Taxes are very complicated, especially for graduate students. Since individual circumstances vary on the basis of citizenship, tax treaty, year of study, and more, we recommend that you consult with a tax professional regarding your specific circumstances.
Here are a few resources to get you started and to provide a brief overview.
Overview of Tax Withholding and Documents
Taxes are generally not withheld from stipend payments, but are subject to taxation as income! You may need to set aside funds to pay for this. As you progress through your Ph.D. program and begin to teach and/or perform research in the lab, your teaching or research assistant position will be subject to tax withholding.
|Funding Source||Is Tax Witheld?||Does the IRS Consider this Taxable?||What Tax Document Will I Receive?|
|University Fellowship||No*||Taxable||None. Use the year-to-date amount on your final pay slip of the year.|
*International students may be subject to tax withholdings on University fellowship payments.
If you have won an external award and are being paid directly by an external agency, you should discuss your payment and tax implications directly with the funding agency.
The University Payroll Office will email you to let you know when your W-2 is available, usually in late January. You can choose to receive your W-2 electronically, which will allow you to print the W-2 tax document directly from your Workday account. If you do not consent to receive the W-2 electronically, you will be mailed a paper copy.
For U.S. Citizens and Permanent Residents
If you are a U.S. citizen or Permanent Resident, please review the Yale tax website for graduate students:
- Tax Guide for U.S. Graduate and Professional School Students and Postdoctoral Fellows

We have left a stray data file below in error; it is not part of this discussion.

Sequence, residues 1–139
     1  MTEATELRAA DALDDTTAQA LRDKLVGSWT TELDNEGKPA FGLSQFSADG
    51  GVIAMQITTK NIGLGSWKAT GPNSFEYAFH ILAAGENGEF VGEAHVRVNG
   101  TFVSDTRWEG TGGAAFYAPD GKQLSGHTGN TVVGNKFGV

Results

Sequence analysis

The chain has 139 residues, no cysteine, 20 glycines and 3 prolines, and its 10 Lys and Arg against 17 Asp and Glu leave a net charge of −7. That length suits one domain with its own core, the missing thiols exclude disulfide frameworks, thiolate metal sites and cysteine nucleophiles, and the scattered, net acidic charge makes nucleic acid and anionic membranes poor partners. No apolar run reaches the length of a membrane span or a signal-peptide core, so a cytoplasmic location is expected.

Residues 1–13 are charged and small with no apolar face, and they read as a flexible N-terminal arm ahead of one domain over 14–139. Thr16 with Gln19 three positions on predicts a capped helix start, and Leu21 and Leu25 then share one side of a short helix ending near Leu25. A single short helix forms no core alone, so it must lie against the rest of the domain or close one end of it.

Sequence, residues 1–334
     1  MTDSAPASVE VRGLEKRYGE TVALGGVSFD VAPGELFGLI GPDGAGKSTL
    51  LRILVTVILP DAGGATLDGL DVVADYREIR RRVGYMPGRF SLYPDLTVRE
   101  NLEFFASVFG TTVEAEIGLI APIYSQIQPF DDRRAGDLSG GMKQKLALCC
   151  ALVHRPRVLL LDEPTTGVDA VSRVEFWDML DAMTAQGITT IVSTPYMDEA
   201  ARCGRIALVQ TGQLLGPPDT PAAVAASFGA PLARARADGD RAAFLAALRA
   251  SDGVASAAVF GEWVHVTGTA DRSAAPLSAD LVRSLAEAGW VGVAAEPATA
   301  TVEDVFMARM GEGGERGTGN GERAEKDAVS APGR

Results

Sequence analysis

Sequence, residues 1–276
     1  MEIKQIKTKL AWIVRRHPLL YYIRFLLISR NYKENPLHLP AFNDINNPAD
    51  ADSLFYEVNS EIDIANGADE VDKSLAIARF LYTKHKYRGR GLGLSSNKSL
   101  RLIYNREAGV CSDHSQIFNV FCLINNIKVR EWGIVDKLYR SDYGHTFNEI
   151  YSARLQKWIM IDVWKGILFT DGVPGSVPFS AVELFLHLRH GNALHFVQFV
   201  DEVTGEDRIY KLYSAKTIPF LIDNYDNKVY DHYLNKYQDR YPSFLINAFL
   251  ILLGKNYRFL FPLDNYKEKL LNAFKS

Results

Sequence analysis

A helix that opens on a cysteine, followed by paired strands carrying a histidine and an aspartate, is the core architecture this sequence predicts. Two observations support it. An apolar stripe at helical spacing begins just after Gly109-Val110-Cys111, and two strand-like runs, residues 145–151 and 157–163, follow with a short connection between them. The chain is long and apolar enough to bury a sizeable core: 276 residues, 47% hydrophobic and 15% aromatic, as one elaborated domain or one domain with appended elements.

- Federal and State Tax Treatment of Certain Payments Made by Yale University to U.S. Citizens and U.S. Resident Aliens for Tax Purposes
Tax Withholding & W-2s
If you are a U.S. citizen:
- Taxes will not be withheld from your stipend checks. Although stipend payments are not reported on a W-2 or any other tax form, stipends are considered reportable income for tax purposes.
- If you are teaching, are an Assistant in Research, or working a job on campus, federal and state taxes will be withheld, depending on your tax liability.
If you only earned a stipend or fellowship during the calendar year, you will not receive a W-2. To report stipend earnings for tax filing purposes, you can obtain your year-to-date stipend total from the last pay slip of the calendar year, which is posted on your Workday account.
For International Students
If you are an international student, please contact the Yale International Tax Office to schedule an appointment with an international tax specialist.
You should also review information provided by the Office of International Students and Scholars (OISS) on Taxes & Legal Matters that may affect you.
Taxes & Withholding
- Taxes may be withheld from your stipend checks depending on your country’s tax treaty with the United States.
- If you are teaching, are an Assistant in Research, or working a job on campus, federal and state taxes will be withheld, based on your country’s treaty with the United States.
If you are an international student and received stipend earnings within the calendar year, you may receive a 1042-S form reflecting those earnings. You will receive an email from the Payroll Office when the tax document is ready, usually in mid-March. The 1042-S and pay slip can also be downloaded from your Workday account
If you have difficulty obtaining your tax forms or logging on to the Workday portal, please contact the Employee Service Center via email at: email@example.com or by telephone at (203) 432-5552. The Employee Service Center can also assist in obtaining documents if you have graduated and/or left Yale and no longer have access to the Yale Workday portal or if you have not provided a valid forwarding mailing address. Please update your mailing address in the Yale Student Information System (SIS) before graduation.
If you have questions about your specific tax situation, we recommend contacting a tax professional. Unfortunately, we are not able to offer specific tax advice or guidance to students.